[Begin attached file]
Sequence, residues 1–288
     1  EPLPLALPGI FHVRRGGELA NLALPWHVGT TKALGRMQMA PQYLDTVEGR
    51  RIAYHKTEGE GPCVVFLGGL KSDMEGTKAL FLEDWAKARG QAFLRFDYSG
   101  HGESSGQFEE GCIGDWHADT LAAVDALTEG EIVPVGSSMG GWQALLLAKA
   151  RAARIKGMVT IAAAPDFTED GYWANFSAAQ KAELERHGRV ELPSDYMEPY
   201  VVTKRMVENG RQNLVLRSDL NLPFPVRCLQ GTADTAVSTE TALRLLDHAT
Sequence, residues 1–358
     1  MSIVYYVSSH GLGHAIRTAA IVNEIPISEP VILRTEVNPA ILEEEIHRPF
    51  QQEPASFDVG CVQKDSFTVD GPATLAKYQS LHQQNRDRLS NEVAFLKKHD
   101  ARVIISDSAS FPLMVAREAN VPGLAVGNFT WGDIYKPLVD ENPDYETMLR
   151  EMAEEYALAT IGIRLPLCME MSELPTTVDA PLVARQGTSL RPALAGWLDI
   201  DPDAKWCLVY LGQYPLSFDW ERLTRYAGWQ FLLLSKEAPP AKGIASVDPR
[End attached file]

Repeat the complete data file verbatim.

Sequence, residues 1–288
     1  EPLPLALPGI FHVRRGGELA NLALPWHVGT TKALGRMQMA PQYLDTVEGR
    51  RIAYHKTEGE GPCVVFLGGL KSDMEGTKAL FLEDWAKARG QAFLRFDYSG
   101  HGESSGQFEE GCIGDWHADT LAAVDALTEG EIVPVGSSMG GWQALLLAKA
   151  RAARIKGMVT IAAAPDFTED GYWANFSAAQ KAELERHGRV ELPSDYMEPY
   201  VVTKRMVENG RQNLVLRSDL NLPFPVRCLQ GTADTAVSTE TALRLLDHAT
Sequence, residues 1–358
     1  MSIVYYVSSH GLGHAIRTAA IVNEIPISEP VILRTEVNPA ILEEEIHRPF
    51  QQEPASFDVG CVQKDSFTVD GPATLAKYQS LHQQNRDRLS NEVAFLKKHD
   101  ARVIISDSAS FPLMVAREAN VPGLAVGNFT WGDIYKPLVD ENPDYETMLR
   151  EMAEEYALAT IGIRLPLCME MSELPTTVDA PLVARQGTSL RPALAGWLDI
   201  DPDAKWCLVY LGQYPLSFDW ERLTRYAGWQ FLLLSKEAPP AKGIASVDPR